A good economic system has a strong trade system where people can trust each other. A large part of this comes from individual virtue in the aggregate. A small part comes from certain government protections and assurances. For instance, if you trade with someone who lies about what they are giving you, you can help society and yourself by punishing that man for the damages they caused by lying to you.

Next comes the concept of money, which makes a marvelous medium of exchange. With money, you can trade far more quickly and efficiently. Of course, with money comes the problems of inflation and deflation, as well as considerations of borrowing and lending, investments and returns. Now you start talking about what you have with numbers that change over time. No one can control what people use as money. They use whatever they like as long as it is good currency. Money works best when it is stable, plentiful, and divisible. It is the individual’s right to choose what they will use as money and how they will value it.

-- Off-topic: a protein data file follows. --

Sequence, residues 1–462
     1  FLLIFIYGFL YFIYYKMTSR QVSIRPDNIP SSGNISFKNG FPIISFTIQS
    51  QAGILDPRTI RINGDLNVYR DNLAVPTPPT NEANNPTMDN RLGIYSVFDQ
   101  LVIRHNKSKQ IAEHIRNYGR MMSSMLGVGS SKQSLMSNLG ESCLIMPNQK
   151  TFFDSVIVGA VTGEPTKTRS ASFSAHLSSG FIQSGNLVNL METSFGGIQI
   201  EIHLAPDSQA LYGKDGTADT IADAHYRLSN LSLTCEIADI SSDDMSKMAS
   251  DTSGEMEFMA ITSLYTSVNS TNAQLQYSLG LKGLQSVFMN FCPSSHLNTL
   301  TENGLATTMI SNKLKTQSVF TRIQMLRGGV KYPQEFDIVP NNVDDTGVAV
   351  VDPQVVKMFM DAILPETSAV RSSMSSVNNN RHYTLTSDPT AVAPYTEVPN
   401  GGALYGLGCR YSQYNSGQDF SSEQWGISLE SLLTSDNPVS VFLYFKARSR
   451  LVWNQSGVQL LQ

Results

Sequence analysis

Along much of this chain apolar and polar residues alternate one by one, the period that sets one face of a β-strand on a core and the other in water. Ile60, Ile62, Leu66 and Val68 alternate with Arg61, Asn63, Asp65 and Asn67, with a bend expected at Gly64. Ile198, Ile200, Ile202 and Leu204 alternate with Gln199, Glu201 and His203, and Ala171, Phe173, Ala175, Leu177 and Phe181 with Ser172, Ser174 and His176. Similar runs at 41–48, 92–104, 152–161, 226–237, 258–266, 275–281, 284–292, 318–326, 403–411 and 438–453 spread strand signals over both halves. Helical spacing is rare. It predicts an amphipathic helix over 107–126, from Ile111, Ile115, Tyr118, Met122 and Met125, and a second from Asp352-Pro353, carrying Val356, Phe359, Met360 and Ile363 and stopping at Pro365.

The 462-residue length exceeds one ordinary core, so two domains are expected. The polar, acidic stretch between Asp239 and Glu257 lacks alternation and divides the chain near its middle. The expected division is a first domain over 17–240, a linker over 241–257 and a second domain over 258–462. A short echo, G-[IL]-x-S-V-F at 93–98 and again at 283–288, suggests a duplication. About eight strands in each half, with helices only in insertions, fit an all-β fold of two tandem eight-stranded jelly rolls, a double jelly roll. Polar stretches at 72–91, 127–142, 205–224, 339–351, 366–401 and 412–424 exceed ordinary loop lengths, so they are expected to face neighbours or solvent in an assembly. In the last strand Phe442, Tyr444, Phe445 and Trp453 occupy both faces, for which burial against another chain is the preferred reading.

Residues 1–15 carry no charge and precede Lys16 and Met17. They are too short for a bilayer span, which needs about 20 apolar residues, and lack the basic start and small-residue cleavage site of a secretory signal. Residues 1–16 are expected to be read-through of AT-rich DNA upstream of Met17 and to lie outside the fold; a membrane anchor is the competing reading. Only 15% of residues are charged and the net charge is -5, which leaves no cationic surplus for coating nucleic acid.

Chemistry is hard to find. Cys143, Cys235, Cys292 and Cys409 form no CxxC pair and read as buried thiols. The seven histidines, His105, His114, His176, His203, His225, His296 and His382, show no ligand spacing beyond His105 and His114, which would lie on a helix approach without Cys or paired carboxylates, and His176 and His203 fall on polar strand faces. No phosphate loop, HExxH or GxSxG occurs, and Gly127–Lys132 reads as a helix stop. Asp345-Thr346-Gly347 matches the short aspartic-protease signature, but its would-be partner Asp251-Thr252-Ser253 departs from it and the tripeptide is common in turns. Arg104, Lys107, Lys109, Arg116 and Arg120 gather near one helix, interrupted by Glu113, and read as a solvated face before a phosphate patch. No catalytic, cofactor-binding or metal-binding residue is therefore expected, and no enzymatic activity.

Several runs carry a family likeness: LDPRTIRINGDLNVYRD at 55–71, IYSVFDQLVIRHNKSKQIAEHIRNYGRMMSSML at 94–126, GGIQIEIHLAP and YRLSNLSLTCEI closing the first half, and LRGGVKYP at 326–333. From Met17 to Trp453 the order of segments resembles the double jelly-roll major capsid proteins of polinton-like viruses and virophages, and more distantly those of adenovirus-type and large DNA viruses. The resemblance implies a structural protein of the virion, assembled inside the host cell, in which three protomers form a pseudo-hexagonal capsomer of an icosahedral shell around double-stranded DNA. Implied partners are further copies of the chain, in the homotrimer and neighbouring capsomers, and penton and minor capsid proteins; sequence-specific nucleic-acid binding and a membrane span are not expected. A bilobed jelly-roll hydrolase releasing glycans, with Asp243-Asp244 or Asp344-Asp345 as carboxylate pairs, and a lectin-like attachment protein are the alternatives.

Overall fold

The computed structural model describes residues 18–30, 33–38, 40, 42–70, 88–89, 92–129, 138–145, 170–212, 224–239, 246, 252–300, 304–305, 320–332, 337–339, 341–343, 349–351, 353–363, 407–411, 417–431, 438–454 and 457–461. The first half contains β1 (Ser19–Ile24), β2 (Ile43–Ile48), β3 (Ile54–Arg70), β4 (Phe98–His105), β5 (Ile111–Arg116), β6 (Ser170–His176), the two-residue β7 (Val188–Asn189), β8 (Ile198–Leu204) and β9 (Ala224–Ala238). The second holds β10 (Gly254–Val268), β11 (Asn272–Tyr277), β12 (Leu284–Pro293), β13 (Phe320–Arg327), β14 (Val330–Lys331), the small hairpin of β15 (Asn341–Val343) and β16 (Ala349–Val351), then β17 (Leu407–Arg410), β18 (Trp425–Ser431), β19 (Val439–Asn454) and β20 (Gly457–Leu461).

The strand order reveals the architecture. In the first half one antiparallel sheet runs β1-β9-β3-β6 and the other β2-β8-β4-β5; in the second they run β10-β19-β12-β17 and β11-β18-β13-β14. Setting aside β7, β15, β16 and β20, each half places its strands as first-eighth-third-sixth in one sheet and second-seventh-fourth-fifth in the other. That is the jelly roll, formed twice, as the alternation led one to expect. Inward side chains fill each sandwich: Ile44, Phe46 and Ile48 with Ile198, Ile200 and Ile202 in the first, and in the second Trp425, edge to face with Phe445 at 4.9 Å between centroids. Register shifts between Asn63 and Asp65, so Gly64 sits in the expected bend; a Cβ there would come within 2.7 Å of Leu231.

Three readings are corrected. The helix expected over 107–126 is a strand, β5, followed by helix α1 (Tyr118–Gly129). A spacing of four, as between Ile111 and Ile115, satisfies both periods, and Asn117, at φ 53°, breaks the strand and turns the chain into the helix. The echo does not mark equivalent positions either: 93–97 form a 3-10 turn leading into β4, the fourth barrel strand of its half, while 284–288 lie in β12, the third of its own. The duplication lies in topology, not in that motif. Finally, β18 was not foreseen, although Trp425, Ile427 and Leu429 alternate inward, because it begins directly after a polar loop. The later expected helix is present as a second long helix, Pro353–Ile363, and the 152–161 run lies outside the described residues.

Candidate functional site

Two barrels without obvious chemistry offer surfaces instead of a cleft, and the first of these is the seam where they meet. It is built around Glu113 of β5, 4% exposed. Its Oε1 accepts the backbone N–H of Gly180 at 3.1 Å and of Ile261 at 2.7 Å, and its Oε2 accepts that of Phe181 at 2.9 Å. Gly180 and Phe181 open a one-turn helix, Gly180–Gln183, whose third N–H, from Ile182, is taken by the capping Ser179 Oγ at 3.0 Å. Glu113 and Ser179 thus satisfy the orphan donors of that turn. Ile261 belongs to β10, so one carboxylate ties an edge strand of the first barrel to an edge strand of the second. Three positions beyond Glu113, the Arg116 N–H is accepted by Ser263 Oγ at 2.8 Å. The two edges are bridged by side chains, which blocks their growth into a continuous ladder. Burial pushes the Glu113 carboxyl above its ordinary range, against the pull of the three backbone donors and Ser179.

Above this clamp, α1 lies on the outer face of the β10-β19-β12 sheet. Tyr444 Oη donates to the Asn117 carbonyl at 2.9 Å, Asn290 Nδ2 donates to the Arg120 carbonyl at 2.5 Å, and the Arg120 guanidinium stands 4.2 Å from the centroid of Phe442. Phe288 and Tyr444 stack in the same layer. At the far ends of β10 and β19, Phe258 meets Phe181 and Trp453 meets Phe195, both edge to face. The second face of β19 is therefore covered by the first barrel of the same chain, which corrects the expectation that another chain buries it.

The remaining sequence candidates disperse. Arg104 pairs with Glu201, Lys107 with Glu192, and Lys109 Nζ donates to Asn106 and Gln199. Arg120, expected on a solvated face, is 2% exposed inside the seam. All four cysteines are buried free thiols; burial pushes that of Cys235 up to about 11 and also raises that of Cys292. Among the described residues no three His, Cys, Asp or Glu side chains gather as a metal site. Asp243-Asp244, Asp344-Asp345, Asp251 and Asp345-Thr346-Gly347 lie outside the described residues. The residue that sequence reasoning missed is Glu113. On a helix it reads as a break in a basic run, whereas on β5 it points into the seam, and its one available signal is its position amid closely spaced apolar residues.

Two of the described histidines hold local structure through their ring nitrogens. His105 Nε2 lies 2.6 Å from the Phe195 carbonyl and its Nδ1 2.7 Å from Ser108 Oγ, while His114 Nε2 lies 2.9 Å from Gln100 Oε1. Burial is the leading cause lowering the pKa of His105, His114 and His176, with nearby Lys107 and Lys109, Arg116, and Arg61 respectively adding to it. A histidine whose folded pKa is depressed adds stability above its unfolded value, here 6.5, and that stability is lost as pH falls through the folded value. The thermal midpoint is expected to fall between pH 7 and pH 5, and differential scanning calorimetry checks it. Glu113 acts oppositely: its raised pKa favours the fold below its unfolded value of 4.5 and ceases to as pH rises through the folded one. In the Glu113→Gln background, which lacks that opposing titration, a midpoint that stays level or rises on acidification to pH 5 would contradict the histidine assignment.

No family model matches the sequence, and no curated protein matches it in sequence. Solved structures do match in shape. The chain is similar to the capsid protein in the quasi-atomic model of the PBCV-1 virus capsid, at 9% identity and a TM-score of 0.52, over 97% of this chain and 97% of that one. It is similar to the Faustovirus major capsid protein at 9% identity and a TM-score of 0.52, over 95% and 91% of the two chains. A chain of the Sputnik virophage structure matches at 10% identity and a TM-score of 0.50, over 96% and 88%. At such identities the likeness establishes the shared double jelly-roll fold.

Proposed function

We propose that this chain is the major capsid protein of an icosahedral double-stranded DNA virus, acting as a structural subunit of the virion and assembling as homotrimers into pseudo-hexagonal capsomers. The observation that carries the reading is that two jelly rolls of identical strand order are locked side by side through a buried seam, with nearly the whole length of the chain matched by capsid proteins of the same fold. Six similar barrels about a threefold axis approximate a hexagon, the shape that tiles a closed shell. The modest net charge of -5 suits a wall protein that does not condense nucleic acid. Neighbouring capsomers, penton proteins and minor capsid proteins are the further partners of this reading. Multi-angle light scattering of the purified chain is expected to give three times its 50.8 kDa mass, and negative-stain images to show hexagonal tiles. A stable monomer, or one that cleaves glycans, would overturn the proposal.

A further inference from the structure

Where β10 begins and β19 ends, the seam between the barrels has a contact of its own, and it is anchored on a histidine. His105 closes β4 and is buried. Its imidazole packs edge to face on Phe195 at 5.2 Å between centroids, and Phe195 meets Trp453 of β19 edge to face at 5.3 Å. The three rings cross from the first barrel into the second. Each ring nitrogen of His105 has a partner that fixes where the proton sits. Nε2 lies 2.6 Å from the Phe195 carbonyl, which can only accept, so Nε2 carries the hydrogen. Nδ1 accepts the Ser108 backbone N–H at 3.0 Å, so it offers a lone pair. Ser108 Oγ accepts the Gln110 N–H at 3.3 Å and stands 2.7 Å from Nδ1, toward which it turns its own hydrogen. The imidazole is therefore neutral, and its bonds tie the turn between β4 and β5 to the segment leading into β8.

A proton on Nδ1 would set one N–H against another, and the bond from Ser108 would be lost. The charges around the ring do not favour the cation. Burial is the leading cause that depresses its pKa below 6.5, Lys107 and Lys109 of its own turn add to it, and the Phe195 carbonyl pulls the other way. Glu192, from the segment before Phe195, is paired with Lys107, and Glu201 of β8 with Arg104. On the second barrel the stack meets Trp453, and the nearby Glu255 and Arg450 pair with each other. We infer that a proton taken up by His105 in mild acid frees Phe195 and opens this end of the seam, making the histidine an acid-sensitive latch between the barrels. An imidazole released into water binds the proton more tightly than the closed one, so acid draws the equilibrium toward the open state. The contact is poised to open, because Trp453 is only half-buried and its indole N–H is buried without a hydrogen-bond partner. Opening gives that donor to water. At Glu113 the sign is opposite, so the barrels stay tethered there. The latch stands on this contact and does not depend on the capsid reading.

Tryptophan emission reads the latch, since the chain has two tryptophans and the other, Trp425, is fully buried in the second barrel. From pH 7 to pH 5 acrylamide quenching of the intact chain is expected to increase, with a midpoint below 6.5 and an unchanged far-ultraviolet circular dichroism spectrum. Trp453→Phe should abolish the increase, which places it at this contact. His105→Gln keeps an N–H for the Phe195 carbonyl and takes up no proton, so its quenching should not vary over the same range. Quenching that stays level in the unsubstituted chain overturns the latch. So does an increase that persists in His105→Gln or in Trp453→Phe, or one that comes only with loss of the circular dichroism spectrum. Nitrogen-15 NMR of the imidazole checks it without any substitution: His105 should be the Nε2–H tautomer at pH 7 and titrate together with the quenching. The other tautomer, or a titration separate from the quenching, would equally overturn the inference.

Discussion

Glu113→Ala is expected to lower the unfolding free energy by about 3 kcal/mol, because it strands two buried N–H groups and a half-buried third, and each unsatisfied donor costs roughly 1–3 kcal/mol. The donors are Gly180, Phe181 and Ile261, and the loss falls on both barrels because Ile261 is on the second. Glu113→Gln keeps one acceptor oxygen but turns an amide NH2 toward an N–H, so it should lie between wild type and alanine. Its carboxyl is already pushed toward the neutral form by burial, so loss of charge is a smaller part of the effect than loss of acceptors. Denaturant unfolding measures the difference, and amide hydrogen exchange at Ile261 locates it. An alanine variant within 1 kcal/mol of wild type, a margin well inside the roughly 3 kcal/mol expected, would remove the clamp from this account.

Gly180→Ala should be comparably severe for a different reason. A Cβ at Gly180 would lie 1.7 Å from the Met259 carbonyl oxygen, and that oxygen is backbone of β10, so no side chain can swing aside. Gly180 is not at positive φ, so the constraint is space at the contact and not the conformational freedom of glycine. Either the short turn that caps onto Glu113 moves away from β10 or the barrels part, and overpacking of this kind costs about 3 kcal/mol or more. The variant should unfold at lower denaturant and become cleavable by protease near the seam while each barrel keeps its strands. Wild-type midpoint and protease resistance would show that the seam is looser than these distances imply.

But also comes the idea of a contract. This is an agreement to trade now and in the future. Just like trading itself, contracting is a fundamental human right. No one can interfere with the contracts a person might become party to, except certain kinds of contracts that violate basic human rights. With contracts, we need ways to resolve contract disputes fairly and efficiently.

This is only the beginning. With money and trade, you can create markets, places where buyers and sellers can come together to trade rapidly and efficiently. Markets work best when you have more buyers and sellers. The more buyers and sellers that have access to the market the better off everyone is. Well, most everyone. Those that are on the losing end of the trends will find markets most horrible for business. The very markets they used to rise to power now give power to their competitors to beat them. It is in the people’s interests that markets are allowed to exist free of undue influence on any of the players. While we cannot dictate how private people use their land, we can dictate that no law can limit participation in a market, except for those people who would ruin the market for everyone.